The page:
Marble Sorter

Marble Sorting Robot

Note: This project requires two positional servo motors and two pushbuttons. More details are found at the bottom of this page.

How it works

The BrainPad is programmed to separate black and white marbles using the light sensor, two servo motors, and two pushbuttons. The first button is used to calibrate the light sensor for the current lighting. To calibrate you must place ten marbles in the machine starting with a black marble and alternating in color. Pressing the first button will then start the calibration. The second button is used to start sorting marbles which are placed in the machine in random order.

Hardware

The red button is used to start the calibration procedure and is connected between the PWM pin and the GND pin on the BrainPad’s expansion header. The yellow button is used to start sorting marbles and is connected between the INT and GND pins on the expansion header.

The two servo motors are ordinary SG90 micro servos. They are available online for about two dollars (US) each. You should be able to find several sources for these servos by searching for “SG90 micro servo.”

Servo motor one moves two paperclips up and down in opposite directions to release one marble while blocking the next marble. Each marble is held in front of the BrainPad’s light sensor so it can be determined if it is a black or white marble. The BrainPad is mounted on the back of the box. A hole is cut in the box so the light sensor can peek through the hole and “see” each marble.

Servo motor two moves a cardboard deflector which determines which of two paths each marble will take. When the deflector is in the up position the marble can go underneath it where it falls through a hole in the corner of the box. When the deflector is down the marble is guided to a hole in the opposite corner of the box.

The entire assembly is hot glued to another box at an angle which allows the marbles to be gravity fed. The box is also tilted in a manner such that the undeflected marbles will move toward a hole in one corner of the box, while the deflected marbles will roll toward the other corner.

The Code

The code below is using the C#, therefore will not work in MakeCode. There is no MakeCode or JavaScript counterpart yet.
using GHIElectronics.TinyCLR.Devices.Gpio;

namespace ModifyThis {
    class Program {
        static int threshold;

        // Servo1 is marble release.  73 degrees lets marble in for scanning.
        const double ServoOneLoad = 73;

        // 117 degrees releases marble and blocks next one.
        const double ServoOneRelease = 117;

        // Servo2 is deflector.  80 degrees lifts deflector allowing marble underneath.
        const double ServoTwoUp = 80;

        // 127 degrees lowers and deflects marble.
        const double ServoTwoDown = 127;

        // Amount of time to let servo motors finish moving (in milliseconds).
        const double WaitTime = 180;

        static void Main() {
            GpioController GPIO = GpioController.GetDefault();
            GpioPin redButton = GPIO.OpenPin(GHIElectronics.TinyCLR.Pins.BrainPad.Expansion.GpioPin.Pwm);
            redButton.SetDriveMode(GpioPinDriveMode.InputPullUp);

            GpioPin yellowButton = GPIO.OpenPin(GHIElectronics.TinyCLR.Pins.BrainPad.Expansion.GpioPin.Int);
            yellowButton.SetDriveMode(GpioPinDriveMode.InputPullUp);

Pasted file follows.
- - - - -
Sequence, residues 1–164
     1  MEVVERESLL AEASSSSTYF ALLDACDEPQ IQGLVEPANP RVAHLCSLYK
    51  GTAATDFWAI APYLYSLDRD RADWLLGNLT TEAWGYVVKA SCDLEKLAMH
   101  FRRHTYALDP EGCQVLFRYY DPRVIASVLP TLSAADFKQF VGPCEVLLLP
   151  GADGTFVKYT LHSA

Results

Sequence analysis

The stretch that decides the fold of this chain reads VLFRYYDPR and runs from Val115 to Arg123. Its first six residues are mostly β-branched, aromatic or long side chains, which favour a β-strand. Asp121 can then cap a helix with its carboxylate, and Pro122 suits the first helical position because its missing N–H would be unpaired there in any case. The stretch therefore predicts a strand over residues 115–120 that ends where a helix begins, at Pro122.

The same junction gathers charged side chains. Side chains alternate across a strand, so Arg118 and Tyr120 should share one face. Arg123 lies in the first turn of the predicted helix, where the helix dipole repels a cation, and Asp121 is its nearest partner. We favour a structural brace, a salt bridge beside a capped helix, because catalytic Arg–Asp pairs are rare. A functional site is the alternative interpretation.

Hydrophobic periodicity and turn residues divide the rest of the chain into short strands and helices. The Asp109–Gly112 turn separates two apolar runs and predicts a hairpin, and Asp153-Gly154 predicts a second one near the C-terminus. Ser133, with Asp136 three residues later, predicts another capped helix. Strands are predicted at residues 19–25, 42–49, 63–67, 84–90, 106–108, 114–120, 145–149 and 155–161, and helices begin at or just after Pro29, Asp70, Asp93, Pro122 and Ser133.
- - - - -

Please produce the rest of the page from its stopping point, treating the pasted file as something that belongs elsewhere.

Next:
BrainPad.ServoMotors.ServoOne.ConfigureAsPositional(false);
            BrainPad.ServoMotors.ServoOne.ConfigurePulseParameters(0.5, 2.5);
            BrainPad.ServoMotors.ServoOne.Set(ServoOneRelease);

            BrainPad.ServoMotors.ServoTwo.ConfigureAsPositional(false);
            BrainPad.ServoMotors.ServoTwo.ConfigurePulseParameters(0.5, 2.5);
            BrainPad.ServoMotors.ServoTwo.Set(ServoTwoDown);

            while (true) {
                if (redButton.Read() == GpioPinValue.Low) {
                    // Calibrate mode.  Load 10 marbles black white black white . . .
                    int highestBlackLevel = 0;
                    int lowestWhiteLevel = 100;

                    for (int marblePair = 0; marblePair < 5; marblePair++) {
                        int currentLightLevel = ReadMarble();
                        if (currentLightLevel > highestBlackLevel) highestBlackLevel = currentLightLevel;
                        ReleaseMarble(false);

                        currentLightLevel = ReadMarble();
                        if (currentLightLevel < lowestWhiteLevel) lowestWhiteLevel = currentLightLevel;
                        ReleaseMarble(false);
                    }
                    threshold = (lowestWhiteLevel + highestBlackLevel) >> 1;
                }

                if (yellowButton.Read() == GpioPinValue.Low) {
                    // Sort mode.  Load with 19 marbles.
                    for (int marbleNumber = 0; marbleNumber < 19; marbleNumber++) {
                        ReleaseMarble(ReadMarble() > threshold);
                    }
                }
            }
        }

        static int ReadMarble() {
            BrainPad.ServoMotors.ServoOne.Set(ServoOneLoad);
            BrainPad.Wait.Milliseconds(WaitTime);
            return BrainPad.LightSensor.ReadLightLevel();
        }

        static void ReleaseMarble(bool up) {
            if (up) BrainPad.ServoMotors.ServoTwo.Set(ServoTwoUp);
            else BrainPad.ServoMotors.ServoTwo.Set(ServoTwoDown);

            BrainPad.ServoMotors.ServoOne.Set(ServoOneRelease);
            BrainPad.Wait.Milliseconds(WaitTime);
        }
    }
}

Snap Circuits Liftoff

Adding a “brain” to the classic Snap Circuits

Space Force

This simply single-motor machine can beat you at playing space-force every singe time!

Sun Seeking Car

A toy car is programmed to stay in the sunlight

Newsletter

Get Social
Latest Press
October 11, 2019
September 26, 2019
August 23, 2019
August 7, 2019
August 5, 2019